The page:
The desks were still wooden when I started learning French at school. The single ones that had a lift up top to put your books and things inside. I loved those desks. Almost, but not quite as much, as I loved my first French teacher.
She was always creative in the way she taught us. Like the way she bent over at her stomach and pretended to be in pain to remind us that the "acute" accent sloped forward. But there was one thing she taught with no creativity at all. One thing that was rigid as a pair of knickers left out to dry in an overnight frost.
Verbs. She was military in her teaching of the verbs. And I can reel them off today as if she'd just this second taught them to us.
Il / Elle / On est
Ils / Elles sont
Like the conductor of an orchestra her hand swept up and down, signalling the speed with which we should chant our verbal drill in unison. This is how I learned every irregular verb in the French language. By repeating it over and over and over again.
The great thing about this method is...it works. It works if you hate French. It works if you think you're rubbish at languages. Eventually, if you do the work, it just becomes part of you. You wake up in the morning drilling verbs.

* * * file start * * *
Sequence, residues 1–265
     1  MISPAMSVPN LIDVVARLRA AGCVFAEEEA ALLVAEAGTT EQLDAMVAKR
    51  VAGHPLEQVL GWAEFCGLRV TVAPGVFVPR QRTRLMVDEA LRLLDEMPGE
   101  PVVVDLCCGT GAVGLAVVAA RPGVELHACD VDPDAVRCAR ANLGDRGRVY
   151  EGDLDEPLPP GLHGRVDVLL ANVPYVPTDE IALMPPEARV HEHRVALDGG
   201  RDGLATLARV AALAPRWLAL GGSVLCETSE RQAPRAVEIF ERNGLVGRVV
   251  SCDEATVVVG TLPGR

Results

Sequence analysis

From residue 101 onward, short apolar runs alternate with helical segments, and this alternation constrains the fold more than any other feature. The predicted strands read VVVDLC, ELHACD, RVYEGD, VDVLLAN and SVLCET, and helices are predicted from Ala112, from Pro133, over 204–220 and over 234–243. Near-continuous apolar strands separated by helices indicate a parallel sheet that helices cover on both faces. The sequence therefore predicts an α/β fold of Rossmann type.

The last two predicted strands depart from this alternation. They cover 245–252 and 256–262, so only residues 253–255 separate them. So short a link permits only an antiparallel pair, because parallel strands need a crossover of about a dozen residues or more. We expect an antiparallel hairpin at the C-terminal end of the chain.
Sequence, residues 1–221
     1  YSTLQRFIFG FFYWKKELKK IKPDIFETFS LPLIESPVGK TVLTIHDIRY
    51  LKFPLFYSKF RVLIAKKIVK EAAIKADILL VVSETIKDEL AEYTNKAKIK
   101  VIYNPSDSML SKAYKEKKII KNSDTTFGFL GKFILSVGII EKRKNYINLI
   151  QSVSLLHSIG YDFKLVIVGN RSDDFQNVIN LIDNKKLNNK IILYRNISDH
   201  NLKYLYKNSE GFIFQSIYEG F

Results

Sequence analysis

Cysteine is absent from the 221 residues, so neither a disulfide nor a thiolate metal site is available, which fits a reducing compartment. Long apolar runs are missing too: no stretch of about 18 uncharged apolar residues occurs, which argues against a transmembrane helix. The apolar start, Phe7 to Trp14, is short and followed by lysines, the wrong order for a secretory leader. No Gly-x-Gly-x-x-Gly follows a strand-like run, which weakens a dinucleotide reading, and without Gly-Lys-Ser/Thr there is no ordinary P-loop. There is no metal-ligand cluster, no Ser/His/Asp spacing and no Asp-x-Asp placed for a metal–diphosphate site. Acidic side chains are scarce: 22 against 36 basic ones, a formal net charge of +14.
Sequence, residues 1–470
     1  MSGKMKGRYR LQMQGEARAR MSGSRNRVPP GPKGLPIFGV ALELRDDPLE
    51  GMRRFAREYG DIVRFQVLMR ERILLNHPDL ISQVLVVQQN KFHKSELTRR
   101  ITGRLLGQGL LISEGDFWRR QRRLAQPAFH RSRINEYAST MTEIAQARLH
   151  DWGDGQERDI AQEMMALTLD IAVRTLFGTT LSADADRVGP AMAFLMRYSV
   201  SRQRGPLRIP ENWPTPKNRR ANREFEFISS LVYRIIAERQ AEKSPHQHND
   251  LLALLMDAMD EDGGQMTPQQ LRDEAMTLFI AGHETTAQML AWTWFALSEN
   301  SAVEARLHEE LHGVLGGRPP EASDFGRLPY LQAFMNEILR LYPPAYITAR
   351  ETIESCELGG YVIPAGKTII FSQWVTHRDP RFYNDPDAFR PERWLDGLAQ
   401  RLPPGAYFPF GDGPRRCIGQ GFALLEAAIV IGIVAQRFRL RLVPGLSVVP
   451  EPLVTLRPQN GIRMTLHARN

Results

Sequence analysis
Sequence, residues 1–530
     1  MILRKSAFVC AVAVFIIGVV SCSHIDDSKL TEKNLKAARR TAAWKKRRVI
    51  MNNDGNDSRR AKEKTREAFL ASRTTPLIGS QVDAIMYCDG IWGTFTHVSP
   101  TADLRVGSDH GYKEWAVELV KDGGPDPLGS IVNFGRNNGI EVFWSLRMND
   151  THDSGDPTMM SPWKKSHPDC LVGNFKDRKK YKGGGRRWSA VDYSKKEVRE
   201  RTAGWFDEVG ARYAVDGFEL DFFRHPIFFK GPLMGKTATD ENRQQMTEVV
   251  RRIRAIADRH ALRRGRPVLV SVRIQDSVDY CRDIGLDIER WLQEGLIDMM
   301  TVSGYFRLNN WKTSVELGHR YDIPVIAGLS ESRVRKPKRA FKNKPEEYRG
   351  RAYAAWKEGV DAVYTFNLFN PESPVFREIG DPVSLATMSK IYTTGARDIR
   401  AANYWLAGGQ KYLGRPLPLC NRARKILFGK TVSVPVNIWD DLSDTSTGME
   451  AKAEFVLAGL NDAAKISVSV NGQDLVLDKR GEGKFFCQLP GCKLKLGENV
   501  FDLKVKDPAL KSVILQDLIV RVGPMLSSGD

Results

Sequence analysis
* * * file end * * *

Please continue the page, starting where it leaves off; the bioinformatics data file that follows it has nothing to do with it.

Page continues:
That's where the self-talk comes in. You've done the drilling. Done the repetition. You've been doing it since school, just like French. Maybe longer. Except now it's 21 years later and you realise your French teacher taught you the wrong verbs. For 21 years you've been drilling yourself in the wrong f**king thing.
1. Get really pissed no one taught you the right verbs.
2. Decide it's not too late and figure out what the right ones are. Start drilling.
Your old drills might look like:
I'm stupid (this was always my personal favourite).
I'm not as good as [insert name].
I don't deserve to be happy.
I'll never get where I want / what I want.
Your new drills might look like:
I can be / do / have anything I want.
I'm a confident, courageous, wealthy person.
Everyone (ok, not everyone) wishes they knew their irregular French verbs inside out. Few are willing to endure the monotony of daily drilling.
Everyone wants to have a bigger capacity to love themselves. Few are willing to endure the necessary daily practice.
Whether it's self-love, financial abundance, or perfect knowledge of irregular verbs, the good stuff comes from the daily grind.
The daily grind, for me, looks like journaling. It works. Write down all the things you want to be, do and have as if you already are, doing and have them. Repeat. Every. Single. Day. After all, you get what you focus on, right?
Love and courage,